KS school argues audit doesn’t account for educational necessities
CENTS AND SENSE: While state auditors uncovered more than $200,000 in potential annual savings, Parsons USD 503 argues the cost-cutting ignores the realities of educating the district’s impoverished students.
By Travis Perry │ Kansas Watchdog
OSAWATOMIE, Kan. — For just 15 extra minutes a day, Parsons Unified School District 503 could annually save $12,000 and cut five school days.
And that’s just the tip of the iceberg, according to state auditors after a voluntary performance audit of the southeast Kansas school.
But district officials and administrators are pushing back, saying the audit’s focus on dollars and cents simply doesn’t make much sense to them.
Kansas’ Legislative Division of Post Audit staff presented its findings — totaling more than $200,000 in potential reductions and efficiency changes — before a panel of state lawmakers March 5.
Read the full audit here, or check out this summary of the findings.
Among the least-controversial recommendations were that Parsons align itself with practices of similar districts around the state by eliminating one of its six maintenance staff positions, as well as sell up to five excess vehicles the district maintains.
But while such changes could be made with relative ease, Superintendent Shelly Martin criticized the majority of cost-cutting proposals laid out in the performance audit.
“It is unclear whether the audit team fully grasped the educational rather than financial costs of some of the recommendations,” Martin said in a letter addressed to auditors and state lawmakers. “USD 503 remains committed to ensuring that taxpayer dollars are utilized in the most efficient manner possible, while providing the best possible educational environment for some of the state’s most at-risk students.”
Last year, Parsons had roughly 1,200 students enrolled, many of whom come from an impoverished background. About 56 percent of district students receive free lunches, compared to the state average of 40 percent.
Among the more-controversial suggestions were that the districts make better use of procurement cards with a rewards-based system to reap upward of $14,000 in annual savings. Officials said such a move would be impractical without increasing staff on-hand to control access to the cards.
But some of the strongest rebukes came in response to auditors’ suggestions the district decrease the number of instructional coaches on staff, as well as cease busing for students who live within one mile of their schools.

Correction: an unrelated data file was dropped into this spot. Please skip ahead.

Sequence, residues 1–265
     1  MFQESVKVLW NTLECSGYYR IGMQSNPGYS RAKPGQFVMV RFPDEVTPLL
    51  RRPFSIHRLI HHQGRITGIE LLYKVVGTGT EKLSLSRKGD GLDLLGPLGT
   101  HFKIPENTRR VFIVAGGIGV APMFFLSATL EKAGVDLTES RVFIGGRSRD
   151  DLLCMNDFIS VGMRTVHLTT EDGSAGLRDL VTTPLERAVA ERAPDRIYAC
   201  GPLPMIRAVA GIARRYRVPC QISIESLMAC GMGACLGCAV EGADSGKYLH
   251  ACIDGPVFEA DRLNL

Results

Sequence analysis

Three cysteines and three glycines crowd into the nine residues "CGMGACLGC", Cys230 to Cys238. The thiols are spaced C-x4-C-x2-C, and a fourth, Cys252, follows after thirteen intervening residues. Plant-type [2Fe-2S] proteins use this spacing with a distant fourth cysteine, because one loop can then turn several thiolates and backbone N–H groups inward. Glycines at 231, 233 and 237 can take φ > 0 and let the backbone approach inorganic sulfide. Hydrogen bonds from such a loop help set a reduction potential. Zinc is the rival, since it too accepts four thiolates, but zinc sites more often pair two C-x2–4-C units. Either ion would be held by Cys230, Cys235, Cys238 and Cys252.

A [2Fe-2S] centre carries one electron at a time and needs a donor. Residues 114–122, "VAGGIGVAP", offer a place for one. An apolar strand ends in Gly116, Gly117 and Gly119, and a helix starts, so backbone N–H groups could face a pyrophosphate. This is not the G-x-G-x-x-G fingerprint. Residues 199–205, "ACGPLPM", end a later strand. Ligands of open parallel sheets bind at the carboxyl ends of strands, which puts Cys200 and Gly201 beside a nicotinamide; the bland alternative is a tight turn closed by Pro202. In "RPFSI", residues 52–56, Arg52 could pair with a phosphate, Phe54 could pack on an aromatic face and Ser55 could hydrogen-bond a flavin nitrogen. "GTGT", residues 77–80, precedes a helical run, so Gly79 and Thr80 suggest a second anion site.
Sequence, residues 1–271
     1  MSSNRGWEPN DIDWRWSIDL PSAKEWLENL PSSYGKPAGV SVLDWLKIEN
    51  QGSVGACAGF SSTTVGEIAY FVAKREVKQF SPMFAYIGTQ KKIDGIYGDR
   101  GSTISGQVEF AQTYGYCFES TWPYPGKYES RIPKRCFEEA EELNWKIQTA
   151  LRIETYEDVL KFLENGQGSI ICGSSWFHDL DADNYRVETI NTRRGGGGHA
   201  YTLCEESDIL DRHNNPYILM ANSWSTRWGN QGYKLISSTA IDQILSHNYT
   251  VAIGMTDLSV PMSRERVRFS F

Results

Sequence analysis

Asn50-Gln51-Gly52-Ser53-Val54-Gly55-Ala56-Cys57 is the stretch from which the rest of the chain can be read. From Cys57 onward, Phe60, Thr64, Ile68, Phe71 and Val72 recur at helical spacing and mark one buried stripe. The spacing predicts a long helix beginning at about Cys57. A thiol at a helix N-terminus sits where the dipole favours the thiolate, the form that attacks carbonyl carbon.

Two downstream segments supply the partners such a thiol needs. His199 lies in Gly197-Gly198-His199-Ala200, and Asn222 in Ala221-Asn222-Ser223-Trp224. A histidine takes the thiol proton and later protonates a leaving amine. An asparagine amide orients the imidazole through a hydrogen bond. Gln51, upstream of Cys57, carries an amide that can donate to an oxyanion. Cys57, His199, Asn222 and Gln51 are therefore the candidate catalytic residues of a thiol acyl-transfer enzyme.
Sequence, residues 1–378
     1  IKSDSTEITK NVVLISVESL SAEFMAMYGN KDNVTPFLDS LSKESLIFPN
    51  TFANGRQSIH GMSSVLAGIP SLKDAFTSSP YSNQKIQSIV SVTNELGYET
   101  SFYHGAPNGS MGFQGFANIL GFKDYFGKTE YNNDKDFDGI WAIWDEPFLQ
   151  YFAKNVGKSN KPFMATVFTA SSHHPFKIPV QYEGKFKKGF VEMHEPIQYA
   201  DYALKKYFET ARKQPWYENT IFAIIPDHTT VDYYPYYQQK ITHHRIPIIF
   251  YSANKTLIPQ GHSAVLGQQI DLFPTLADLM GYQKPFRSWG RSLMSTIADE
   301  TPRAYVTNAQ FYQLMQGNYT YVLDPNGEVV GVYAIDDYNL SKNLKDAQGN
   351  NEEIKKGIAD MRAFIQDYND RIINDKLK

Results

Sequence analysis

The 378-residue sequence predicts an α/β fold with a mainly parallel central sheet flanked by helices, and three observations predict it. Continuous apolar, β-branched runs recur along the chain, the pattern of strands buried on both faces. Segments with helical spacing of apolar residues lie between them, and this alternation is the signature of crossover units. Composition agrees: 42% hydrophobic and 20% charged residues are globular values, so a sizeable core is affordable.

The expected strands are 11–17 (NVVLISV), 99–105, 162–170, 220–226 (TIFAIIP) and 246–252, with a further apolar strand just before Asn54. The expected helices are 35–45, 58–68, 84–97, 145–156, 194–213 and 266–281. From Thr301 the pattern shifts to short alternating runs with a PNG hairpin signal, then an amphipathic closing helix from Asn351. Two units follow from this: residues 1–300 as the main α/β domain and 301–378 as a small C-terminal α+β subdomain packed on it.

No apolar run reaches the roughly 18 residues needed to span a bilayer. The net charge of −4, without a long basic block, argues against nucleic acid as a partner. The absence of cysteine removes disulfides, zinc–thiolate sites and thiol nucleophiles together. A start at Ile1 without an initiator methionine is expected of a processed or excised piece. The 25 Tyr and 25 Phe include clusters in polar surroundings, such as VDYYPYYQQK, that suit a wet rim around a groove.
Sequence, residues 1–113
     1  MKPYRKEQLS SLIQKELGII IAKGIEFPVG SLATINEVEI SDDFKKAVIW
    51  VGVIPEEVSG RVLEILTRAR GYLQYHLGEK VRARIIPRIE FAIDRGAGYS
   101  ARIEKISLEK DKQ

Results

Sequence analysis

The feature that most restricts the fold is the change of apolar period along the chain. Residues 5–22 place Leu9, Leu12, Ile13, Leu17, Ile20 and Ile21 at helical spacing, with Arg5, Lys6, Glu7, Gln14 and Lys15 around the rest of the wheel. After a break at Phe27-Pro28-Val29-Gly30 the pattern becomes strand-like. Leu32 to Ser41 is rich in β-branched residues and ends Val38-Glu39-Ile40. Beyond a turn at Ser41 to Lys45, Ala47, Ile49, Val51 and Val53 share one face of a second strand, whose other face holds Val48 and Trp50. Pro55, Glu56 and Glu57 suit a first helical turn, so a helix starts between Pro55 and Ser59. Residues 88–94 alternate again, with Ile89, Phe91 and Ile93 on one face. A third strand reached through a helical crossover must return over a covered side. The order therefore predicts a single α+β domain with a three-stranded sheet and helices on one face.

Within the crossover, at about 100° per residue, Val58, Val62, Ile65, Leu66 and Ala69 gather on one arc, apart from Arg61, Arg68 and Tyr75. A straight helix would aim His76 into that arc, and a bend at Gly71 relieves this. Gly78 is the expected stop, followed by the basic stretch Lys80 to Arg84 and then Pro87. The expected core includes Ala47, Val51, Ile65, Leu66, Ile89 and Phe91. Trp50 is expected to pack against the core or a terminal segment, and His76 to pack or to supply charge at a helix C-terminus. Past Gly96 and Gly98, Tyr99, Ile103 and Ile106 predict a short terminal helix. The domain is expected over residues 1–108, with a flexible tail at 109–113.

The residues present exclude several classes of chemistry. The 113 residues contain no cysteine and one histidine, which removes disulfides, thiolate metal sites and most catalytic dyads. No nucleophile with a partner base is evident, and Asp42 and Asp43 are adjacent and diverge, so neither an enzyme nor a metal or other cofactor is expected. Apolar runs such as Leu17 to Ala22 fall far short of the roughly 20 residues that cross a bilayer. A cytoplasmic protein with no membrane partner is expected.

Despite diminishing resources, Martin said the need for instructional coaches isn’t going to disappear simply because there isn’t enough room in the budget. Furthermore, USD 503 pledged to continue busing certain students after switching from a neighborhood school model to a more-centralized method in 2010. The ramifications of such significant changes could outweigh any perceived benefits, she said
“With so many other school districts within a few miles, parents have many options,” Martin said. “When parents elect to attend a neighboring district, USD 503 loses the resources that accompany that student. The loss of those corresponding per pupil state revenues could be substantially more than the cost savings associated with a particular recommendation.”
Of the 475 students regularly bused by the district only 37 — about 7 percent — were promised continued transportation following the shift away from neighborhood schools. However, auditors shared concerns of student safety, given that many students would be required to cross railroad tracks that bisect the community.
While constraining busing commitments could reveal $36,000 in annual savings, the reduction of instructional coaching staff could reap as much as $91,000 every year. Four of the peer districts to whom Parsons was compared use significantly fewer staff to perform work similar to that accomplished by instructional coaches, the report stated.
While thankful for the input of auditors, Martin accused them of not seeing the whole picture.
“(Some recommendations) although appearing to be ‘efficient’ when considering the financial bottom line, carry educational costs, which presently make their implementation unfeasible for our particular district.”
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